Fast forward to March 2018 and we need to start marching again. This time the Parliamentary Committee for Justice and Human Rights (cool name, eh?) opted for a slightly altered approach. Its project titled “Stop Abortion” focuses solely on one case: banning abortion when there is a risk of serious and irreversible damage to the foetus (which in practice is the vast majority of legal procedures carried out in Poland at present). The creators of the project knew they wouldn’t get any support for the other two cases — there is no way to create a narrative compelling enough to win people over women sacrificing their lives to carry pregnancies to term and it’s very difficult to tug at the heartstrings when there is a disgusting crime lurking in the background. So this time the weight shifted.

I can see the complexity of that. “Serious and irreversible damage” is not black and white, medicine progresses with accelerated speed and yes, “miracles” sometimes happen. Also, a normalization of the default removal of serious disabilities changes social landscapes and attitudes. I am not overlooking or disrespecting any views just because they are different from mine but I do require a minimum respect for the listener — a consistent narrative. (That’s why for example I thoroughly recommend watching Sally Phillips’ documentary on Down’s syndrome and parents’ choice and consent. Seriously, watch it. It’s compelling, thought-provoking and moving).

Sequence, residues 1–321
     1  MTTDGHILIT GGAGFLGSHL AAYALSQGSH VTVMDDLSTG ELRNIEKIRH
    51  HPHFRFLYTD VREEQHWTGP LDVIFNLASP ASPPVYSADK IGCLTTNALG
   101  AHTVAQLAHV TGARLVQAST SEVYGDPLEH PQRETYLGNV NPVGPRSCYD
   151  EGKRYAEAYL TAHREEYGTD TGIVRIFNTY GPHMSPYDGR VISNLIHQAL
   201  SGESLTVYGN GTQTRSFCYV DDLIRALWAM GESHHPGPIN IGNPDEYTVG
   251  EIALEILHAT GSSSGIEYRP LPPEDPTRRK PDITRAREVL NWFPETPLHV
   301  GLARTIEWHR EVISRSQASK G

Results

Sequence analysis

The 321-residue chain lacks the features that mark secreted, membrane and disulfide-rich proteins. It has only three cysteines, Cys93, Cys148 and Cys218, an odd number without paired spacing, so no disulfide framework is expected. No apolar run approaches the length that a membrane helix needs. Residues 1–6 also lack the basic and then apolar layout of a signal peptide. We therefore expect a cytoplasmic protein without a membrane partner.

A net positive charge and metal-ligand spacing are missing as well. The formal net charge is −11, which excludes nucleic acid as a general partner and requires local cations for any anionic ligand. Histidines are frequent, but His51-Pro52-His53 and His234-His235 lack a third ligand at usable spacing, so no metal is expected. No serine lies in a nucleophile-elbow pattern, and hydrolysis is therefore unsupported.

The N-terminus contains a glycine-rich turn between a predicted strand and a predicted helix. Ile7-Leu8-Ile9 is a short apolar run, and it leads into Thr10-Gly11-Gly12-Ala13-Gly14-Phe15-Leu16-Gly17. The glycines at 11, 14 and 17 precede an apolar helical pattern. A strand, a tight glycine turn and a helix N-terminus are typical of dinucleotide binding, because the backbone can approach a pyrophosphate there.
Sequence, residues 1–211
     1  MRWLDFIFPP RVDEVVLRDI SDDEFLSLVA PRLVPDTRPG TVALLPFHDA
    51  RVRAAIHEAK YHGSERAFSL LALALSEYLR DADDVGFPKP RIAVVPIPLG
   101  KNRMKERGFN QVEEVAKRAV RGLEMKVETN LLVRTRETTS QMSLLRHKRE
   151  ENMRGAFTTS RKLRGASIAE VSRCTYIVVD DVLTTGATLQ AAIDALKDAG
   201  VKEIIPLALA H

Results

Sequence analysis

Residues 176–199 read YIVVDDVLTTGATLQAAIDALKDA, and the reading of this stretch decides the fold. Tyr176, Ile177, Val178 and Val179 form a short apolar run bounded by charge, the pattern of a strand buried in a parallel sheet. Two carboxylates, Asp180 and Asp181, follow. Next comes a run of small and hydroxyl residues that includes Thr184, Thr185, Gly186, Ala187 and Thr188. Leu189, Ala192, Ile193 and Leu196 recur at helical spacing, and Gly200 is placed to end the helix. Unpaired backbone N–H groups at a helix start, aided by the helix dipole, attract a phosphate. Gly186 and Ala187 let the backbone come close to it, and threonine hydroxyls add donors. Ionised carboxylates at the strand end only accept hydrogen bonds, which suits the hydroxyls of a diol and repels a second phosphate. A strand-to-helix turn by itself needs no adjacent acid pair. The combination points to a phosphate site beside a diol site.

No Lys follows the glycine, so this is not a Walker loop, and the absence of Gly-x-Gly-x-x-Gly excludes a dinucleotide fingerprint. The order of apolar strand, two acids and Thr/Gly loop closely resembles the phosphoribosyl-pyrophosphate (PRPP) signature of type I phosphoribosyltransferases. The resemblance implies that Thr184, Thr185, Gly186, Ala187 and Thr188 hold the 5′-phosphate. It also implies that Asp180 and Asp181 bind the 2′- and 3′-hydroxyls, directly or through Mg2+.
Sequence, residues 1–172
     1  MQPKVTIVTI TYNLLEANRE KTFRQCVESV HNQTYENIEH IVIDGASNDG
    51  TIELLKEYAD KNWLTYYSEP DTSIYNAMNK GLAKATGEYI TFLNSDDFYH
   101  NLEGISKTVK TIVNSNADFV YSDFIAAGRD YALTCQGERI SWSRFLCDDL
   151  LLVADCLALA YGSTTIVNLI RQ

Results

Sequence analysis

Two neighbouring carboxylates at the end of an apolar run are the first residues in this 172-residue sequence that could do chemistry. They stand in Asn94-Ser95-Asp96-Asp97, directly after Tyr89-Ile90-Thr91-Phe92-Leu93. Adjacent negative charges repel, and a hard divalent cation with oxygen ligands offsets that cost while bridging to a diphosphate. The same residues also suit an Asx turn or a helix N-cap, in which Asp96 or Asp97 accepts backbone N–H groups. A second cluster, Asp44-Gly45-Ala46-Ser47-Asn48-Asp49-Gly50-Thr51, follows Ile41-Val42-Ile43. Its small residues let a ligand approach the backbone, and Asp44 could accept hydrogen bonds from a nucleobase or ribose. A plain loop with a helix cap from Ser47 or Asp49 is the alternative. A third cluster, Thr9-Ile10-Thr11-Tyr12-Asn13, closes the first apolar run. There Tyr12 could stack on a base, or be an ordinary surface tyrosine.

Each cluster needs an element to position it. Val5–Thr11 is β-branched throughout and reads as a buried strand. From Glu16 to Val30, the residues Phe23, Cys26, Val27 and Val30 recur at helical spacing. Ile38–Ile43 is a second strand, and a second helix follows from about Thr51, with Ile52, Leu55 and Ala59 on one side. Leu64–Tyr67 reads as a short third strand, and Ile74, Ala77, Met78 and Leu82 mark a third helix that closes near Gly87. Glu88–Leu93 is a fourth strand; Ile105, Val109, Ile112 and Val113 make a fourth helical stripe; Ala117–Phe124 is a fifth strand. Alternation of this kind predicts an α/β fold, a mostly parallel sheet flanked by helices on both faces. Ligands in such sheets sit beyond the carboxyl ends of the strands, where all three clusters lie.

So how would we expect a state such as Poland to create a consistent narrative around their “Stop Abortion” project? Let’s answer a few questions.

Is Poland a country where:

– there is an open and un-biased access to age-appropriate sexual and reproductive education?